Global wealth inequality continues to rise as we head into the new decade. According to Oxfam’s 2020 Inequality report – which was released prior to the breakout of the COVID-19 pandemic – the richest 1% of the world’s population have twice as much wealth as 6.9 billion other people.
The disparities are only expected to increase as the world descends into economic crisis.
There were 2,153 billionaires in 2019. Collectively they hold as much wealth as the poorest 4.6 billion people in the world. Clearly the exploitation of the poor by the rich is getting worse.
In Australia the richest 1%, around 250,000 people, have more than a fifth of the wealth. That adds up to almost $2.4 trillion and makes them twice as wealthy as the bottom half of the population.
Over the last decade, while wages stagnated and social services were slashed, the number of billionaires in Australia tripled.
Unpaid taxes from big corporations in 2016-2017 were about $2 billion according to the Australian Taxation Office. Coincidentally that is how much the federal government pledged for the National Bushfire Recovery Fund in January.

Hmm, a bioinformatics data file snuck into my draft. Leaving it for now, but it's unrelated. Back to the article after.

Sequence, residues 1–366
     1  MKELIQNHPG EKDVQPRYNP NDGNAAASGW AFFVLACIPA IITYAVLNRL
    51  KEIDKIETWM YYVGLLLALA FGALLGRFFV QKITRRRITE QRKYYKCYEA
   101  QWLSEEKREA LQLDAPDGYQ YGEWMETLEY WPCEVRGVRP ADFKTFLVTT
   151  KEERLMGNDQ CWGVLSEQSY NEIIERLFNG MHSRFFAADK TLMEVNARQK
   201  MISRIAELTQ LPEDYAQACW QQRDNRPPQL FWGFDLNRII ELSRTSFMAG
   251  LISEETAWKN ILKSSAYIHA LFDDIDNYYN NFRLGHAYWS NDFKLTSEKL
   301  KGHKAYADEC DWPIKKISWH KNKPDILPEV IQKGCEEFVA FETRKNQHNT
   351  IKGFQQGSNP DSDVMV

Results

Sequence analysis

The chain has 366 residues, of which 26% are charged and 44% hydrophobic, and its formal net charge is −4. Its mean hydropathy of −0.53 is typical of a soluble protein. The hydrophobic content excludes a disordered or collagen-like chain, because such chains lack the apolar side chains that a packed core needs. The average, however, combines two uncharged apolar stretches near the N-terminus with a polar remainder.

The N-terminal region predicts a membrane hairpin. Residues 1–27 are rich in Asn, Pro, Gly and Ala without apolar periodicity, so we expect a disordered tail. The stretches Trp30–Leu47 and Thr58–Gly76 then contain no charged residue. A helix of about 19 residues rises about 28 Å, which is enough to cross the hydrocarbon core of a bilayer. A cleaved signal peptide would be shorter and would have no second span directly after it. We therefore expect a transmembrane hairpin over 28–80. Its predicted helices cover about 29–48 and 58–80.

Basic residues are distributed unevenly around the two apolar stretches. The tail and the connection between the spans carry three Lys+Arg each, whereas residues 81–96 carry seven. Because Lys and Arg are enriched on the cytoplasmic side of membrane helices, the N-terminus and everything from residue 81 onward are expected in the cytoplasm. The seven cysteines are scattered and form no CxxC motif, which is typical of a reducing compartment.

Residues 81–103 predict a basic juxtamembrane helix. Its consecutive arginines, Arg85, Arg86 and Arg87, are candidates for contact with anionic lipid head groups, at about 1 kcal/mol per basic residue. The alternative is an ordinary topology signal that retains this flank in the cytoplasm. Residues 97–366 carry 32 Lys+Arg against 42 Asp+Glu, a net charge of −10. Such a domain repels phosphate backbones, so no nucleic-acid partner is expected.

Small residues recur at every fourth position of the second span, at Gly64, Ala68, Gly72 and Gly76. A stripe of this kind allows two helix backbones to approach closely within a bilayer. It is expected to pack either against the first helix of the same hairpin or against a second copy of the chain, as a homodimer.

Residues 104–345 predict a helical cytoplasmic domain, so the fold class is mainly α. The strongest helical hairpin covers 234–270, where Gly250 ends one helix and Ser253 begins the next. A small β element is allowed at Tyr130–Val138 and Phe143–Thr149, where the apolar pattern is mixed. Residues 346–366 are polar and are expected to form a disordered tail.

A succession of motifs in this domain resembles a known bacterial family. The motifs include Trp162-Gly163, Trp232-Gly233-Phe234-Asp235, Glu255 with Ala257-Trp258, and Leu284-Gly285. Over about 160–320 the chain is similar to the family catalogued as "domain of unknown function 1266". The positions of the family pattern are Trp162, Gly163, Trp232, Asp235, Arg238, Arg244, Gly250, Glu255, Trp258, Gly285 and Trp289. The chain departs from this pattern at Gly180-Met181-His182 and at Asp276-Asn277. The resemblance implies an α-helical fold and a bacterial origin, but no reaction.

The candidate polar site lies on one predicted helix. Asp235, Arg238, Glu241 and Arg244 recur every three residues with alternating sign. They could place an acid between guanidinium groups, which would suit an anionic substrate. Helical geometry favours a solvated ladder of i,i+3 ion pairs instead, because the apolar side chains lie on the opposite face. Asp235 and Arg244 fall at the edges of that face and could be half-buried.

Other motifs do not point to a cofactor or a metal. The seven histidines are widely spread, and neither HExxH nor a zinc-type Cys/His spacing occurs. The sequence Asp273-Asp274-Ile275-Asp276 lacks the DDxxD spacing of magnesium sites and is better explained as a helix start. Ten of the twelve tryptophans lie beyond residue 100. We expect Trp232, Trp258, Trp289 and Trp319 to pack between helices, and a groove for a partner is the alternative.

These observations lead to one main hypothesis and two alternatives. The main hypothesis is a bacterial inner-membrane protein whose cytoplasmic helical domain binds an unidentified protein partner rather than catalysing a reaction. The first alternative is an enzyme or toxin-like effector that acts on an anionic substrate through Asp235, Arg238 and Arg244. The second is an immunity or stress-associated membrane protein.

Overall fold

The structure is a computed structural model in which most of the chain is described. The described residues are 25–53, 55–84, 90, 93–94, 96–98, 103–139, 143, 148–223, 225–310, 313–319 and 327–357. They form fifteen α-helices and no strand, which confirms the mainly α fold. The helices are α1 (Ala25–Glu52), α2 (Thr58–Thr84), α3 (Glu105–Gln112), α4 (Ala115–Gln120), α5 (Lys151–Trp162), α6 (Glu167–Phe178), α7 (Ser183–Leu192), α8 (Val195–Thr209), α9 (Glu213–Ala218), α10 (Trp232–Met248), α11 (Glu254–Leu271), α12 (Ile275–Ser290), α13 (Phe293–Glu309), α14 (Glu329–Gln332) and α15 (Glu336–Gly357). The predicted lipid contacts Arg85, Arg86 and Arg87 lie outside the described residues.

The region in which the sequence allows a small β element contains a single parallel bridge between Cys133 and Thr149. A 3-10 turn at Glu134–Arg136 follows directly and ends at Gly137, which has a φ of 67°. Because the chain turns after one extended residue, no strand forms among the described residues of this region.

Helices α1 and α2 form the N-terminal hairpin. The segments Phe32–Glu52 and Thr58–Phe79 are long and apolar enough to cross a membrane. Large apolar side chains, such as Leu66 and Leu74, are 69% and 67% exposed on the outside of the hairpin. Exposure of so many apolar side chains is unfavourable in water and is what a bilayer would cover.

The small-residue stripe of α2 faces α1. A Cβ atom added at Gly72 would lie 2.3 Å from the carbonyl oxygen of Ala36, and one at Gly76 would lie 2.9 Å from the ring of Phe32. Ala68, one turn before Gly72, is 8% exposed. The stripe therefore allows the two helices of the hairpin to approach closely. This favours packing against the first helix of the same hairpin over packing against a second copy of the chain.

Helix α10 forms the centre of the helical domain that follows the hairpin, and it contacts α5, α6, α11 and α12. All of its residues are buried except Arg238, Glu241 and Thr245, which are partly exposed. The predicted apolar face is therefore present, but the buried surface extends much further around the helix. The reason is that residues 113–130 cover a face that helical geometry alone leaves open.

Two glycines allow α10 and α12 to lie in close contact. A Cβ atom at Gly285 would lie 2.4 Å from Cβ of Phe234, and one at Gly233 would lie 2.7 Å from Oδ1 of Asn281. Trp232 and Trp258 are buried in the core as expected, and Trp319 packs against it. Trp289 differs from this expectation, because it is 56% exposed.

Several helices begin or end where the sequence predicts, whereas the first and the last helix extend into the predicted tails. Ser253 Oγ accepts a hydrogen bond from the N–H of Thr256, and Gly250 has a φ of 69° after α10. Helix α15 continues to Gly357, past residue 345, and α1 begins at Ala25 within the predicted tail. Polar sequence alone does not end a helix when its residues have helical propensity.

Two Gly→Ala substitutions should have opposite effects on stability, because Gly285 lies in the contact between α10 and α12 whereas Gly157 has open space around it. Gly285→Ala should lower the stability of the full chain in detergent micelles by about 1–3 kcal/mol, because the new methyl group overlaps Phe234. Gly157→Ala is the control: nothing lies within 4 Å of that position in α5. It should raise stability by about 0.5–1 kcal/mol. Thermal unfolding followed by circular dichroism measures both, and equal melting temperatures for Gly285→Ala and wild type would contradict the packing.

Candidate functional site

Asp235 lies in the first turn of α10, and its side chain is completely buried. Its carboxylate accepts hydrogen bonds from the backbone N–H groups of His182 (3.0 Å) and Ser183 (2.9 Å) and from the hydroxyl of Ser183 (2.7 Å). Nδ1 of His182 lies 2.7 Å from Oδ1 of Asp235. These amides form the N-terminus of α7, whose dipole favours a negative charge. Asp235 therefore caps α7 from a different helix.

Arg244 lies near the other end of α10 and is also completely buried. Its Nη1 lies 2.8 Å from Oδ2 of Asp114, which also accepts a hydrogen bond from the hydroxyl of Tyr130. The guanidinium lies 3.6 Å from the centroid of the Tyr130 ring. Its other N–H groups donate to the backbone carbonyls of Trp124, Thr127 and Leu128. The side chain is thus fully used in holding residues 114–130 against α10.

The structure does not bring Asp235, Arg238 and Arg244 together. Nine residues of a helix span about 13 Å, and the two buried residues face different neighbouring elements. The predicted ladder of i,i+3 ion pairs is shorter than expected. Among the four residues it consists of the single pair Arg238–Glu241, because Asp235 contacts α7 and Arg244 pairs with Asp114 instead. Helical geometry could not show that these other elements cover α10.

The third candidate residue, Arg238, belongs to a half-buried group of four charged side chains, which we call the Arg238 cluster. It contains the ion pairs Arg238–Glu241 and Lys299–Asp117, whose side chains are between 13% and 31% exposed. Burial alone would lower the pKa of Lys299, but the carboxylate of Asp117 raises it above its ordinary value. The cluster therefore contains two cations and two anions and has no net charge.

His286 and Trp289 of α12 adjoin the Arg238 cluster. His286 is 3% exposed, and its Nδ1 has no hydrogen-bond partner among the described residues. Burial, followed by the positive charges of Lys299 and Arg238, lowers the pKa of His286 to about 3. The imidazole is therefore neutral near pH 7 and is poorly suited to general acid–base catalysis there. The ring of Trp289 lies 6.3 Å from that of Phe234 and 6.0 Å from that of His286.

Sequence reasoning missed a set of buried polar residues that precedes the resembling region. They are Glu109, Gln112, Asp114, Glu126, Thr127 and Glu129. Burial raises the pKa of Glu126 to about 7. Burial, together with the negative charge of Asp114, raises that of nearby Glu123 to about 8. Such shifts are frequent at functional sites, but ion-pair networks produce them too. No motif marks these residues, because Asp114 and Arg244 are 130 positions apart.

This is just one indication of the existing vast wealth which could be tapped to deal with the COVID-19 crisis, rebuild communities, fund the upgraded services, and halt climate change.
Oxfam’s report also pointed to the special double oppression women face under capitalism. Total economic value of women’s unpaid care and domestic work is at least $10.8 trillion per year, which is three times larger than the value of the global tech industry.
Capitalism is a perverse type of system that produces and maintains screaming injustice and staggering inequality. We need a radical overhaul of society to establish a new system where we collectively own society’s productive forces.
Then we can decide democratically how to produce wealth and how to share it out. That way wealth inequality, oppression, exploitation and fat cat tax dodging can all be brought to an end.
By Kirk Leonard